Your explanation is that she was wearing an apron at the time she was murdered and if you want to accept the evidence then why not consider the fact that she could have cut up her own apron into many pieces before meeting her killer I don't go with that theory but it is a theory than cannot be negated she was in possession of a knife.

                        You're painting yourself into yet another corner by dismissing all of the direct statements that she was wearing an apron.

                        Those statements are unsafe

                        P.S. Collard himself testifies towards her wearing the apron, regardless of the importance of his word "apparently". The idea that Collard's list negates anything is only your conjecture of how it was composed. Making such a list in the way you insist it was done was not standard police procedure. We know that when we look at other cases, where there's no official list of the victim's clothing even made (note the confusion over the stays in the Nichol's case, for example).
                        he does no such thing he use the word apparently that to me means he is unsure and is relying on the testimony of others.

                        As to the list this murder came under the City police they clearly had different procedure from the Met as we see with how the inquest was conducted

                        www.trevormarriott.co.uk

                        Comment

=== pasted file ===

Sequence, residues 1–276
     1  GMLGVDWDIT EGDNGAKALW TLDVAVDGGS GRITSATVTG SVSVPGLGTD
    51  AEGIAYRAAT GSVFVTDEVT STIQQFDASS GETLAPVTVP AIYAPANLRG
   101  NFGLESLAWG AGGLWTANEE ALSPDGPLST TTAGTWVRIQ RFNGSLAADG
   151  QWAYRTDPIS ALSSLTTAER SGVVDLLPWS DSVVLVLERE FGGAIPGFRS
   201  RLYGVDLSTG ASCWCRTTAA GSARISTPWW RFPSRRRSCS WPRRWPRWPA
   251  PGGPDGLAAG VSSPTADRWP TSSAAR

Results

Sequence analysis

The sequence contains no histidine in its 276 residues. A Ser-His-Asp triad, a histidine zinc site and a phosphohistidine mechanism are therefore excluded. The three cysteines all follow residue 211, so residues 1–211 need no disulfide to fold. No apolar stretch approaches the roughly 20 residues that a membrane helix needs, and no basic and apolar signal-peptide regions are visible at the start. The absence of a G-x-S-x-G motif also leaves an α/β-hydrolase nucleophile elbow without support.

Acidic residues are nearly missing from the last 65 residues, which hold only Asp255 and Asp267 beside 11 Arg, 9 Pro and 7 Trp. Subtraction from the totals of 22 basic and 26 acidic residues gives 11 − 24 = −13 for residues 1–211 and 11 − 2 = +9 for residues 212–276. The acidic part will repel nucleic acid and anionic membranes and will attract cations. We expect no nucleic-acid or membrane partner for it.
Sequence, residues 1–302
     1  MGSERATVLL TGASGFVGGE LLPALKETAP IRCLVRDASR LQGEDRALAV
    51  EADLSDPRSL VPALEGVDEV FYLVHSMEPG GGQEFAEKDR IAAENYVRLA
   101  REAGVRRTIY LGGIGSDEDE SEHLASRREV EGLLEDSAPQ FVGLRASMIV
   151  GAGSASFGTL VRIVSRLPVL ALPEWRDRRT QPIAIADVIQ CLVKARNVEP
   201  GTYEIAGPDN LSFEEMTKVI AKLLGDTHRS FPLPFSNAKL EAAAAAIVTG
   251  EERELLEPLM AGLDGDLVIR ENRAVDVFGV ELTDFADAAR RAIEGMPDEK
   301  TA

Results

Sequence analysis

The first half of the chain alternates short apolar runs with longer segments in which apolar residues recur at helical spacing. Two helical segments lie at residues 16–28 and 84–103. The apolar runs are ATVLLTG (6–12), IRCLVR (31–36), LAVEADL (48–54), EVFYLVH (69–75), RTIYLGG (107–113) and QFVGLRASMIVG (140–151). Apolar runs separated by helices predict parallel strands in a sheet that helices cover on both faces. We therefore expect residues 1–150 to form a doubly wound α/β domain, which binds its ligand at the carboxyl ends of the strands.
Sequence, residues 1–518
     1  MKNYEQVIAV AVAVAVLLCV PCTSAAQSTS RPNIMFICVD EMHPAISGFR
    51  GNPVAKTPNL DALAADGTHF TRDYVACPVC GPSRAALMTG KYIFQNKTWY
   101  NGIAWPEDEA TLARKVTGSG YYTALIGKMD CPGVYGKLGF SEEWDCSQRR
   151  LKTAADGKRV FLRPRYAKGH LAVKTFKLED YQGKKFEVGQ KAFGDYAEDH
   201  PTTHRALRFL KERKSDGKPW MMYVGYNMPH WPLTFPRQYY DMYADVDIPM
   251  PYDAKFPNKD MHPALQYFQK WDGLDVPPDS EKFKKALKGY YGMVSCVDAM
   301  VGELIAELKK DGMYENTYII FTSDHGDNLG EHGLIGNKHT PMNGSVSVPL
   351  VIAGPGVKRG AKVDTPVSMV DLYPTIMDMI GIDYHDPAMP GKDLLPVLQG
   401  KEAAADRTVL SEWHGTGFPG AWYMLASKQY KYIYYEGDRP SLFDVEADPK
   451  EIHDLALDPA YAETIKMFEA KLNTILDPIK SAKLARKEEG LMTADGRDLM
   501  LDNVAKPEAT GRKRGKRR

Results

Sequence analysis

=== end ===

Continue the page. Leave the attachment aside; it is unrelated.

• Hi Trevor,

                          I actually do remember what shirt I was wearing 4 days ago, that was Friday for me, and I was wearing a black t-shirt, with a Guinesse logo on it surrounded by green, as it was put out for St. Paddy's this year. I admit, I had to think about it a bit, but it wasn't all that hard to do.

                          I see you're back to suggesting that the police were suffering from tunnel vision, they had latched on to the GS piece, and for some reason needed to have Eddowes wearing the apron, rather than as they knew, simply possessing it. Why they would need to do that, though, is beyond me? How would her possessing the apron change anything to their case? It wouldn't. Nor does your conspiracy approaching explanation account for why Frederick William Wilkinson, of 55 Flower and Dean, who knew Eddowes for 7 or 8 years, state in his testimony "...On the Saturday morning she was wearing an apron, she was not dressed in anything particular." I suppose you'll suggest they gave him a few bob to help them out?